Seldom has so much been said in a single throwaway line.

“In an ideal world,” Malcolm Turnbull mused last week, “every Australian would have private health insurance.”

Of course he immediately denied that he meant Medicare should be abolished; good heavens no, that was verballing him. He and his party were absolutely committed to Medicare. What he meant … well, let’s move right along. No one wants to abolish Medicare. And certainly no one will admit to wanting to; the public has made it clear that Medicare is one institution that it regards as sacrosanct.

But that has never prevented conservative governments from trying to squeeze it out of existence. Malcolm Fraser was the first: after his eight-year regime Gough Whitlam’s Medibank survived in name, but was so debilitated that Bob Hawke had to resurrect it as Medicare. And over the years John Howard tried, rather less successfully, to strangle the new socialist interloper into his privatised world.

Medicare proved a more resilient opponent; it had had 12 years to establish itself as an institution in its own right and to gain popular support. So instead of taking the challenger head on. Howard tried a more devious approach.

As well as doing what he could to undermine the public system, he subverted vast amounts of taxpayer funds to build up its private competitors. The public was bullied, bribed, cajoled and threatened into taking insurance with the private firms; the 30% rebate was just the most blatant and extravagant of a raft of measures.

This was all done in the name of choice; the punters should be able to make up their own minds whether they wanted to stay public or go private. But in fact the aim was the deny them the choice: the public sector was made so comparatively unattractive that they would be driven into the arms of Howard’s ideological allies and financial benefactors in the private sector.

Exactly the same ploy was followed with the schools system: private education was progressively built up at the expense of the public alternative. It got to the stage where concerned parents in the outer suburbs were made to feel that they were guilty of child abuse if they left their kids in state schools. Interviewees frequently said that they had no choice: the only option for them was the local private school. And Malcolm Turnbull no doubt believes that in an ideal world, every Australian child would go to a private school.

For the Liberals, choice, if it means anything, means deciding which private facility the customer can best afford: MBF or HCF, Grammar or Kings. The public system is just not an option.


Apart from that, as they say , Turnbull did pretty well in budget week; that is, he didn’t say anything else really silly and the only one of his colleagues who bagged him was Bronwyn Bishop, who doesn’t count.

His defence of the private health insurance rebate was, of course, unconscionable, but popular among his own troops, which was the major point of the exercise. And his thunderous denunciations of debt and deficit may well register with those portions of the electorate which tend to overlook the fact that by mortgaging themselves to the very limit of their means or in some cases beyond it, they have condemned their own families to a lifetime or more of repayments.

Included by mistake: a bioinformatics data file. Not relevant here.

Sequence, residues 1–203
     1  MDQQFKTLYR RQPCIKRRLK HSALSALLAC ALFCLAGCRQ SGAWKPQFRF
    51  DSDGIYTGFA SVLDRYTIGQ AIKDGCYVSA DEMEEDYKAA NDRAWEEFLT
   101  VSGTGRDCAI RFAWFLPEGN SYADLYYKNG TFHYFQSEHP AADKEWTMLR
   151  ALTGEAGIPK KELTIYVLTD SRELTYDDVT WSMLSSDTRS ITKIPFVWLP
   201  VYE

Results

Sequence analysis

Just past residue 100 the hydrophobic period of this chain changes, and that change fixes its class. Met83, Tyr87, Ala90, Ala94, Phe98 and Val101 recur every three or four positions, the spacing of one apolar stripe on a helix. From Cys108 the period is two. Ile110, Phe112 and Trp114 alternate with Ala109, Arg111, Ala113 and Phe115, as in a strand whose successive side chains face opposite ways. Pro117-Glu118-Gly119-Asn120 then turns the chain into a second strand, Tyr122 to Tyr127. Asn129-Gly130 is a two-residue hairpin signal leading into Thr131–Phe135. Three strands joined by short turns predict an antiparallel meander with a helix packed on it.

Debts and deficits are as much part of the Australian ethos as pies and beer, and in any case, as the calmer commentators have acknowledged, by international standards Kevin Rudd and Wayne Swan have been positively restrained. The United States and Britain, not to mention the rest of Europe, are in it up to their necks. Australia has barely had to roll its trousers up.

But this does not mean that the next couple of years are going to be easy; in fact the toboggan has barely started down the long slope. Even on the most optimistic estimates were are in for another full year of recession with mounting unemployment and failing markets, and if Rudd sticks to his promise to hold spending growth to 2% — surely the most heroic of all the assumptions in the budget — we are in for some very lean years. The green shoots some optimists claim to discern are probably no more than patches of moss taking hold as the body starts to decay.

In some ways the budget did not help; the tax cuts should at least have been modified and in the circumstances the pension rises were very generous. There were good reasons for going ahead with both, moral as well as political, but there will be a price to be paid and those who pay it will not be happy.

As part of its budget commentary Treasury has finally admitted that the Howard-Costello years were simply unsustainable; not only were the profits of the boom years squandered, but in their last five years the profligate pair actually spent more money than was coming in; by 2007 the budget was in structural deficit. And of course most of the loot went in handouts to the swinging voters; middle class welfare. Rudd and Swan have made a tentative start to unscrambling the eggs, but much remains to be done.

If you think this budget was a bit tough and unpopular, wait for it. You ain’t seen nothing yet.


In the good old days the Canberra Press Gallery presented an award for the most outrageous beat up of the most worthless story of the week. It was, appropriately, a battered egg-beater. Last week it should have gone without dispute to Greg Sheridan for his breathless revelation that everything Kevin Rudd does is guided not by his role as Prime Minister of Australia, but in the hope of becoming Secretary-General of the United Nations. But then John Stone, former Treasury head and failed candidate for the Joh-for PM campaign wrote an indignant letter claiming that Sheridan had actually pinched the idea from one of his articles.

A golden Mixmaster to each of the them, the most imaginative pair of fabulists since the brothers Grimm.

Peter Fray

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